Part 1 – The Global Economy

The rate of change in global output remained relatively tame in 2016 as reflected in a slight moderation in growth relative to 2015 (see figure 1). Based on estimates by the IMF[2], global production grew by 3.1 per cent in 2016. This was down from 3.2 per cent in 2015 and was the slowest growth in global production observed in seven years. The slowing in growth in 2016 was due to weakness in the first half of the year, generated by uncertainty, slower growth in the large US economy, and volatility in the global financial markets.

In 2016, growth in the global output was 3.1 per cent, the slowest growth since 2009

Global economic growth was constrained in the first half of 2016 by the continuation of weaker growth in the US economy. The BREXIT Vote in June 2016 in which Britain opted to exit the European Union (EU) added to uncertainty, underpinning further volatility particularly in the global financial market.

The performance of the global economy improved in the second half of 2016. Most notably, growth in US real GDP picked up with quarterly GDP advancing by 3.5 per cent in the third quarter and an estimated 1.9 per cent in the final quarter of the year (after 0.8 per cent and 1.4 per cent in the first and second quarters respectively). This helped to support global growth to an estimated 3.1 per cent in 2016.

In Emerging Markets and Developing Economies (EMDE), data suggests that the downturn in output has bottomed out. Based on estimates by the IMF, growth in EMDEs remained robust at approximately 4.1 per cent in 2016. This was achieved as growth in the Chinese economy was higher than expected and declines in the Commonwealth of Independent States, particularly Russia, slowed. According to the IMF, the growth rate in China was a bit stronger than expected, supported by continued policy stimulus. The decline in Russian production decelerated from -3.7 per cent in 2015 to -0.6 per cent in 2016.

Estimates for global growth by the Organization for Economic Corporation and Development (OECD) were somewhat in line with that of the IMF, in that growth remained relatively lackluster. OECD estimated that growth in the global economy for 2016 was about 2.9 per cent, falling just below the 3.0 per cent expected earlier in the year.

The continuation of slow global growth has had a number of consequences, chief among which is the rise in global unemployment and more precarious type employment. In 2016, global unemployment rate was 5.7 per cent. The number of unemployed persons increased to just below 200 million persons.

Global growth prospects

Global growth momentum shifted to a brisker pace in mid- 2016 and this continued into 2017. As such, growth prospects for 2017 and beyond are now more positive. The IMF projects global growth to accelerate to 3.4 per cent in 2017, followed by a 3.6 per cent growth in 2018. Growth is expected to be led by emerging and some developing economies where growth is expected to rebound. There is also more optimism for growth in some developed economies, namely the US, Europe and Japan.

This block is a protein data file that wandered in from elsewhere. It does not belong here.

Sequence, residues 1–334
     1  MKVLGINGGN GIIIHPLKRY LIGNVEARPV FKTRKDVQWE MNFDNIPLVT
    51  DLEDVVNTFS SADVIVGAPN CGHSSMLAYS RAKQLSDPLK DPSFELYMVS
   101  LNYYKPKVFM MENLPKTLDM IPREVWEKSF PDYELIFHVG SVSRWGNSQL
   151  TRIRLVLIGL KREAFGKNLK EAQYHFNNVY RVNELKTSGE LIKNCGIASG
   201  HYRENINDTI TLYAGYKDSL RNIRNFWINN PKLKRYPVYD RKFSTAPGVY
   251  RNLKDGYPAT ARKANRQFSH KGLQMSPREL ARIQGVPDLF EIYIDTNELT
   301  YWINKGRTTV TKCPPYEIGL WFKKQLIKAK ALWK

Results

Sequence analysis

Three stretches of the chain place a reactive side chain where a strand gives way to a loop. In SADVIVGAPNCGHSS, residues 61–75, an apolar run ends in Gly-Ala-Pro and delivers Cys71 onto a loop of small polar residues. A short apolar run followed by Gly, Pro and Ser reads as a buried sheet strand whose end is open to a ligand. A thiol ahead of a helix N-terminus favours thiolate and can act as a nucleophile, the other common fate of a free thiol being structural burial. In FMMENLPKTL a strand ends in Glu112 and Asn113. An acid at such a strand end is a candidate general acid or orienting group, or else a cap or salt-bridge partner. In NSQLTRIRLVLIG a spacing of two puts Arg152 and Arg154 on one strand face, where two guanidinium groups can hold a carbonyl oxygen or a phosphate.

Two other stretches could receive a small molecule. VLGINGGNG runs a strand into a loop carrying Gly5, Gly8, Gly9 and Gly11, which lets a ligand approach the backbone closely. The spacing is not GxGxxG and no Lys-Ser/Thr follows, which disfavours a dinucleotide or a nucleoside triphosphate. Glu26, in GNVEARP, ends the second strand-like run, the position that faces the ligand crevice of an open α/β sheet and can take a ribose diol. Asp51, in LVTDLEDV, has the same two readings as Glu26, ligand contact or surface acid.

Other forecasts are in line with the expected acceleration in global growth over the next two years. Based on planned fiscal stimulus particularly in China and the US, the OECD projects a pick-up in global growth to 3.3 per cent in 2017 and 3.6 per cent in 2018. According to the OECD, the global economy may be at a point of inflection and as such, although some legacy of the recent recession remains, the global economy may be poised for an upturn in growth. The Bank of Canada forecasts global growth to accelerate from 2.9 per cent in 2016 3.2 per cent in 2017 and 3.6 per cent in 2018. Improved growth prospects are heavily predicated on the stronger performance of the US economy. However, much remains unknown. In fact, as growth prospects improved, the risks and uncertainties associated with economic growth have also increased. The risks include:

  • The actual transition of fiscal and monetary policies and policy mix in the US;
  • The extent to which policy support to growth continues in China;
  • Slow growth and deflationary pressures in some economies;
  • The implications of changing conditions and attitudes towards trade and immigration; 
  • The evolution of Britain’s exit from the European Union; and
  • The impacts of climate change on some low income economies.

Short to medium term global economic growth will be boosted by collective fiscal expansion and more open trade

The appropriate policies and policy mix will be critical to global growth in the near term. The recommended policy mix is one of synchronized fiscal expansion across economies while allowing for the continuation of a liberalized trade environment. Such policies are expected to generate positive private sector response (higher investments) that will help to stimulate growth to higher levels than those attained in recent years.

Labour market conditions are not expected to show significant changes. According to the International Labour Organization (ILO), “Global unemployment levels and rates are expected to remain high in the short term, as the global labour force continues to grow. In particular, the global unemployment rate is expected to rise modestly in 2017, to 5.8 per cent (from 5.7 per cent in 2016). Representing 3.4 million more unemployed people globally, bringing total unemployment to just over 201 million in 2017. And while the global unemployment rate is expected to hold relatively steady in 2018, the pace of labour force growth (i.e. those in search of employment) will outstrip job creation, resulting in an additional 2.7 million unemployed people globally”.

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